So, what I do to weather these ‘down’ times is to commit to a process rather than an outcome. What I mean by that is, instead of letting the prospect of achieving ‘wins’ motivate me — like closing a sale — I commit to finishing a certain number of tasks that day — like sending out 10 cold emails. This has helped me tremendously over the years, because while during the ‘down’ times everything is bleak and it’s really hard to see success, but it’s pretty easy to get myself to send 10 emails. I get a ‘reward’ from my brain for finishing these tasks, I call it a day to relax and distract myself with other things in my life. Even on the worst days I still commit to finishing at least one task, and over time the effect of finishing these tasks add up to meaningful outcomes.
I’m going through something like this right now, where I’m trying to close some partnership deals with tourism boards. It’s not going very well as the tourism boards remain wary of working with someone they’ve never worked with before, but I’m forcing myself to send out 3 new emails every day. In my last business — which we grew to $1.3M per year in revenue — I practiced this all the time. One of the bleakest times was when we lost one of our key distribution partners. I committed to walk around the city and talk to 8 cafes each day to sign up a replacement.” — Steve Long, co-founder, The Travel Brief
13. Believe in what you are building.
“One of my favorite motivational books for entrepreneurs is Seth Godin’s ‘The Dip.’ In this book, he advises readers to recognize the difference between a dip and a dead end. As an entrepreneur, I believe strongly in the business I’m building, the solution it creates in the market, and the team I’ve assembled. Founding the company and seeing early successes is exhilarating and thrilling. Staying motivated is easy when your business is growing and feedback is positive.
But, eventually, everyone hits a dip. Whether it’s losing a big contract, struggling to find investors or challenges from competitors. Your momentum can come to a screeching halt. Hitting significant adversity can feel personally defeating for a passionate entrepreneur that puts much of themselves in their business. To stay motivated, you need to recognize these moments for what they are, dips not dead ends. Dive into whatever challenge or problem caused your dip, listen to your investors and customers, and find a solution. That solution is the bridge over your dip.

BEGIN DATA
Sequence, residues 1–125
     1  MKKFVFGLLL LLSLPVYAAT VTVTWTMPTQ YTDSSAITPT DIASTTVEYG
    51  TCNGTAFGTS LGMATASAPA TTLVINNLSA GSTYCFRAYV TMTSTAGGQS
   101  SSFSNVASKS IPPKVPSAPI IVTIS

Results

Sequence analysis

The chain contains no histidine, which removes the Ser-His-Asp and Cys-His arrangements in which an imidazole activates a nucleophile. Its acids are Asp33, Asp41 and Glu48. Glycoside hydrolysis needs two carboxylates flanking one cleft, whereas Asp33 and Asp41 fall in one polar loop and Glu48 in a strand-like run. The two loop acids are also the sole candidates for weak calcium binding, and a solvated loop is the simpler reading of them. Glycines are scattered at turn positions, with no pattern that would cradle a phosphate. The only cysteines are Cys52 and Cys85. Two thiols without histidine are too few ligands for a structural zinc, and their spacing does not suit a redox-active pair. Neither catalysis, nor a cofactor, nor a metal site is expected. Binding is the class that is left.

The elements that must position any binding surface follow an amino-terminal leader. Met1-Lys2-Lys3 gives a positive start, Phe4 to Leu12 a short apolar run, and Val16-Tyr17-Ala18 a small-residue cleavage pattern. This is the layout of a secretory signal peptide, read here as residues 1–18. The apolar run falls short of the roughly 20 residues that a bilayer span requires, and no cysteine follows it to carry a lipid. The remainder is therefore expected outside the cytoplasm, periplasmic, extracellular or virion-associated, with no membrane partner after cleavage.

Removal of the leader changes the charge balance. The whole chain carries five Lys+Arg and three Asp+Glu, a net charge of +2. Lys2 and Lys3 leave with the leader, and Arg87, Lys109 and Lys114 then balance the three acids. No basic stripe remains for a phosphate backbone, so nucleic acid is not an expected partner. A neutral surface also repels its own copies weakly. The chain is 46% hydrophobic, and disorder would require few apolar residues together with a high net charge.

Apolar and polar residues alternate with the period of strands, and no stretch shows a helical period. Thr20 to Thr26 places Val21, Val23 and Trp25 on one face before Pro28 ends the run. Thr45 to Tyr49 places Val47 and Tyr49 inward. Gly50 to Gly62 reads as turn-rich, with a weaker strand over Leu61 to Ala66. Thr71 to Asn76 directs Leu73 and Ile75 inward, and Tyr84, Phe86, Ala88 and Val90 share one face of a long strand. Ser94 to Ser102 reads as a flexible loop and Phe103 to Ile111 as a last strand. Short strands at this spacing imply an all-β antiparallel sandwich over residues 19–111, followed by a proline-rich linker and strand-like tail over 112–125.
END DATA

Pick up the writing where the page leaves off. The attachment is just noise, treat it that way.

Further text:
Even the most brilliant new ideas or inventions will hit stumbling blocks on their journey to the market. As entrepreneurs, we need to recognize that dips are a normal part of the process. Our ability to work through them will be what sets our organizations up for success.” — Shaun Savage, CEO of GoShare
14. Celebrate the small victories.
“One way to stay motivated when times are tough is to make sure that you celebrate the small victories. Often, when we have a large and significant end-goal in mind, it’s hard to feel content about most of our progress, since even when we manage to move forward there is still so much left to do.
The best way to avoid this pitfall is to make sure to acknowledge the small victories along the way to your end goal. For example, let’s say that your goal is to launch a certain product. While the launch itself might be the most notable end goal that you have in mind at first, if you don’t celebrate any of the other milestones along the way, you will likely end up being discouraged and getting burned out. These milestones can be anything from finishing a draft of the product design, to getting your first alpha testers, to receiving positive feedback on your preorder campaign.
Doing this not only helps you stay motivated, but also helps you plan ahead and stay on track, by encouraging you to create a detailed map of project milestones that you need to complete while making progress towards your end goal.” — Itamar Shatz, Solving Procrastination
15. Break your tasks down into manageable micro-tasks.
“I’ve often been puzzled by this question because for a long time I believed you are either motivated, or you’re not. Something has to grab you and focus your attention. Whether it’s emotional, monetary or personal, there has to be a deep underlying reason for you to do anything. However, as I’ve matured in my business experience I’ve come to identify one trick which has worked for me.
I’m someone who is naturally motivated however like everyone else, there are days when I just can’t seem to remain motivated or focused. I find breaking down short to media long term goals into very small micro-tasks which can be achieved on a daily or weekly basis has really worked for me. It allows me to remain motivated even on days when I feel like simply staying in bed. Why does this work? If you’re someone who likes to get things done and relishes ticking off that task on your list, you’ll be invigorated by the idea of doing that on a more regular basis. It’s essentially tricking you into believing you’re accomplishing more, but for a good reason.
I’ve also found taking small, frequent breaks helps me focus and stay motivated. I’ll work for one hour, tick off a completed task, take a small break and then tackle the next one. It’s really quite satisfying and you’ll be amazed at what you’ve managed to accomplish at the end of a workday.” — Hans Desjarlais, founder of Flightlist
16. Maintain your mind, body, and spirit.